were privileged to go on board and sleep there overnight.
The trip to Boston was an uneventful one, although full of novelty to Earl and Randy, who had never taken such a voyage before. They might have enjoyed it still more had they not been so anxious concerning what was before them. Alas! little did they dream of all the grave perils the future held in store.
"We don't want to look too green," said Earl, when the steamboat was tying up at her wharf and the passengers were preparing to go ashore.
"Oh, I guess we'll pass in a crowd," said Randy, laughing. "All we want to look out for is that we are not robbed, or something like that."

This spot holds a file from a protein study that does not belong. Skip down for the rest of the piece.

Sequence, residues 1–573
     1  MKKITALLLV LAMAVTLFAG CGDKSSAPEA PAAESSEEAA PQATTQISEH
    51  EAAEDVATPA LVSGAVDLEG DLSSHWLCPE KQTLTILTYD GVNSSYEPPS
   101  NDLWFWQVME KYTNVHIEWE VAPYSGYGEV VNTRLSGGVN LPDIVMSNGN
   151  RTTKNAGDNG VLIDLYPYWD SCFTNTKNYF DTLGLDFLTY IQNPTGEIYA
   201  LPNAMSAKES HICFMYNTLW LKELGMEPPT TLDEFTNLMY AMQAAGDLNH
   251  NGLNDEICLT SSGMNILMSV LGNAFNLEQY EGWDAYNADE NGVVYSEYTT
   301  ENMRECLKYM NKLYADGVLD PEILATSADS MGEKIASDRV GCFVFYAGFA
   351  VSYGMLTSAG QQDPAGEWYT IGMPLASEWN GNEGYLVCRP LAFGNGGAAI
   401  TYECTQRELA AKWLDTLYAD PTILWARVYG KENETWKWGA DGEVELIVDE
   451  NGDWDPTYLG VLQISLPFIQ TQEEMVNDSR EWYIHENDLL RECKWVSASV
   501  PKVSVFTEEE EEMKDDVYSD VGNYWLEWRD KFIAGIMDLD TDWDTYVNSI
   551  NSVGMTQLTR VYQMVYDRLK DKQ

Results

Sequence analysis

Leaving their baggage on check, the two boys started from Foster's wharf up into the city. They had no idea where the firm of Bartwell & Stone were located, but Earl was certain they could easily be found by consulting a directory.
The elder brother was on the point of entering a large store in quest of the book mentioned when Randy pulled his arm and pointed down the street. "There goes a fire engine, Earl!" he cried. "Let's follow it. I should like to see how they manage a fire in a city."
Earl was willing, and away they went, easily keeping up with the engine, which had to proceed slowly through the crowded thoroughfare. The fire was in a paint and